Food Loss and Waste in Fish Value Chains
Restaurants and Catering in Fish Value Chains
  • Supportive Policy Environment
  • Application of Appropriate Technology
  • Skills and Knowledge
  • Services and Infrastructure
  • Regulatory Environment
  • Social and Gender Equity
  • Markets

Regulatory Environment for Restaurants, Catering and Food Service

Restaurants, caterers, and food service face several challenges to food recovery, including regulatory constraints, liability concerns, and infrastructure limitations for storage, transport and operational bandwidth. There is however a huge opportunity for food service establishments to capitalize on allowed tax deductions and serve as a positive contributor to their communities. One of the best ways to address liability concerns is to learn more about local and country regulations in regards to food donation.

In any food recovery program, the type of food served by the company influences the amount of donations. For example, pre-packaged food is easier to pack and transport, making it simpler to donate than fresh food, which requires controlled labelling, handling, storage, and transportation practices.

Examples of Legislation Which Influences Food Loss and Waste (FLW)

Examples of Legislation Which Influences Food Loss and Waste (FLW)

Examples of legislation which influences food loss and waste (FLW) decision making by retailers includes:

  • The EU Animal By-Products Regulation (ABPR) (1774/2002) regulates the processing and disposal of products derived from animals and prevents material from animals not fit for human consumption from entering the feed chain. ABPR prohibits the disposal of uncooked or untreated fish products to landfill, and retailers have therefore have had to adopt methods which are ABPR compliant such as rendering, with material also used in production of pet food. Rendering will generate protein meal and an oil component both of which may be used in a range of applications.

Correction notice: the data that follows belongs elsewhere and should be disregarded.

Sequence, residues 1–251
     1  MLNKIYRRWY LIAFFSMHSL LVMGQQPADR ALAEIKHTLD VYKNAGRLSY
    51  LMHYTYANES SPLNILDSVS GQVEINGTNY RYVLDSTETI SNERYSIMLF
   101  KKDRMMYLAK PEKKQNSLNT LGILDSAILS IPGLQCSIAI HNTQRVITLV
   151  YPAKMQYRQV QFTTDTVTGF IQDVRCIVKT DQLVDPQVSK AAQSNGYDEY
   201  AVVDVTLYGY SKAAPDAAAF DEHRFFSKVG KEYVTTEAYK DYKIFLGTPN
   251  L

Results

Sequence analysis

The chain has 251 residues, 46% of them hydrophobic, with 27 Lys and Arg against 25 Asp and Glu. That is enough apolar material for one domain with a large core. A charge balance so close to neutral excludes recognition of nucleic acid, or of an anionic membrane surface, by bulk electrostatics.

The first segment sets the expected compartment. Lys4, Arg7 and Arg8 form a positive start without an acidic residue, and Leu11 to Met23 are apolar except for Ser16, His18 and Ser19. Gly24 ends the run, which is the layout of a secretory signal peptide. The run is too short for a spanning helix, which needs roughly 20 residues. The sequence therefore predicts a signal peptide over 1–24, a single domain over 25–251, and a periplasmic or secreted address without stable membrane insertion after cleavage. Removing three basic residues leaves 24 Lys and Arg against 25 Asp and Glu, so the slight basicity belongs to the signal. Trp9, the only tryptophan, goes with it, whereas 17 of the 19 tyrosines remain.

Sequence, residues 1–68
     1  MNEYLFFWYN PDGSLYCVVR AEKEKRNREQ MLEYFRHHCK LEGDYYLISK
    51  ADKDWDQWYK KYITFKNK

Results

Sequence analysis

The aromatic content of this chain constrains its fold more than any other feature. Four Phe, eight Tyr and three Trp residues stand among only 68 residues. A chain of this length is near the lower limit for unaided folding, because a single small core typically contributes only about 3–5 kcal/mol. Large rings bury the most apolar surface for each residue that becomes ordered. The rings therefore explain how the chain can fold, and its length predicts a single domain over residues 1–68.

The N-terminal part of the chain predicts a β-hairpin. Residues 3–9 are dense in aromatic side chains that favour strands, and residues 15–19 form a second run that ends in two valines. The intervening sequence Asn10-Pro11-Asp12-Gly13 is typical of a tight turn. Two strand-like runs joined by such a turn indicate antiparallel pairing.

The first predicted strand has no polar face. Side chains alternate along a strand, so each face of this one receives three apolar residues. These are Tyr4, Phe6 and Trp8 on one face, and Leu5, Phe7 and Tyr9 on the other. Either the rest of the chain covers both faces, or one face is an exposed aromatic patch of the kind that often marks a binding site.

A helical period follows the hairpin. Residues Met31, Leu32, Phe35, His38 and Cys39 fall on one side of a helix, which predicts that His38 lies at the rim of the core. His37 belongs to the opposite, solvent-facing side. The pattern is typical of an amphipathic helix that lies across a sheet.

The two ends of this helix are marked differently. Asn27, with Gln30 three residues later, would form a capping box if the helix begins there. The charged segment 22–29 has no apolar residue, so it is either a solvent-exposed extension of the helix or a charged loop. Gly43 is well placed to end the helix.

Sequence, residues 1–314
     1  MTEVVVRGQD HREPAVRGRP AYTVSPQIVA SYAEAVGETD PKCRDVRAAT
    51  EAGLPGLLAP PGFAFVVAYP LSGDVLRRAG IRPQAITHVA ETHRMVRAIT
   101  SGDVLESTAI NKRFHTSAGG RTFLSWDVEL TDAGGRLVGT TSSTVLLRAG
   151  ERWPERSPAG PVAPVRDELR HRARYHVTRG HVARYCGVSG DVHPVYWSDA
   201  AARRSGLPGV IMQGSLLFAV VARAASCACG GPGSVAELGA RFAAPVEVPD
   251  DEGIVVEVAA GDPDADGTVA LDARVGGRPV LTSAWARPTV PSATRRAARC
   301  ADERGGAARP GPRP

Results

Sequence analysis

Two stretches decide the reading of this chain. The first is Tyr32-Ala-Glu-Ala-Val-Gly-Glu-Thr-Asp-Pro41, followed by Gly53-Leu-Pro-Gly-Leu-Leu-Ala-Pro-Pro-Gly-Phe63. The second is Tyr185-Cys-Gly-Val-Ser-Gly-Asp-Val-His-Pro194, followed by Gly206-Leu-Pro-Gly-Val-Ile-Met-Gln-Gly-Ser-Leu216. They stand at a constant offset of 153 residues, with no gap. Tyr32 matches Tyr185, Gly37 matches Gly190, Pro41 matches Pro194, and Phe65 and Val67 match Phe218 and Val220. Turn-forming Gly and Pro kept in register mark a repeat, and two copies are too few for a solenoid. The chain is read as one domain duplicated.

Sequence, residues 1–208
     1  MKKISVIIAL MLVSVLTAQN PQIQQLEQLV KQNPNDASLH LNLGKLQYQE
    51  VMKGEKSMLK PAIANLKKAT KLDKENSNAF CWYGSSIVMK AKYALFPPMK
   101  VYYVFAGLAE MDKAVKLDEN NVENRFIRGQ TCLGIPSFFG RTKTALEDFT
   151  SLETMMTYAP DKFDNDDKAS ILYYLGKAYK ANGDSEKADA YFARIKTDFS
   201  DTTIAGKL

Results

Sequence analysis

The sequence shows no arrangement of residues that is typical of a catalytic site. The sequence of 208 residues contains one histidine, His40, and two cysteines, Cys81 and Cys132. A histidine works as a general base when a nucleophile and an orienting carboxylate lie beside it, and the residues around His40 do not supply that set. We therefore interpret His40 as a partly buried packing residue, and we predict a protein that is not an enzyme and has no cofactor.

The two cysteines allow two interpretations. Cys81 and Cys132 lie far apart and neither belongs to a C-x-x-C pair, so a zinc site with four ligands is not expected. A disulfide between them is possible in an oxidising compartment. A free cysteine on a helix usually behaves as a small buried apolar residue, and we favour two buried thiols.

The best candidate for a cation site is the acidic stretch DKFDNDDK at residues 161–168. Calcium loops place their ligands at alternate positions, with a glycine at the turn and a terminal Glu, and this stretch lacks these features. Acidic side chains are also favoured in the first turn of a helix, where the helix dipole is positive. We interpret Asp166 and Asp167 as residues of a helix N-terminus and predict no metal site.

• The “Bill Emerson Good Samaritan Act of 1996” in the US was brought in to encourage the donation of food and grocery products to non-profit organizations for distribution to individuals in need. The updated 2017 bill:
    • Improves federal oversight of liability protections for food donation under the Emerson Act by delegating authority of the Act to the U.S. Department of Agriculture
    • Expands liability protections to food donations sold at a reduced price
    • Expands liability protections to include food service establishments, retailers, educational institutions, restaurants, wholesalers, and farmers that donate food directly to individuals
    • Extends liability protections to explicitly cover past-date foods;
    • Expands liability protections to mislabelled food as long as the mislabelling does not relate to food safety.
    • Currently, protections only cover donations made to non-profits for ultimate distribution to those in need

Key Publications

Animal by-products

Overview of animal by products and links to relevant EU legislation and information.

Food Donation Act of 2017

The full text of the US Food Donation Law.                                                      

The aftermath of the French Legislation on food waste

Overview of impact and features of the French food waste legislation.

More Resources

More Resources

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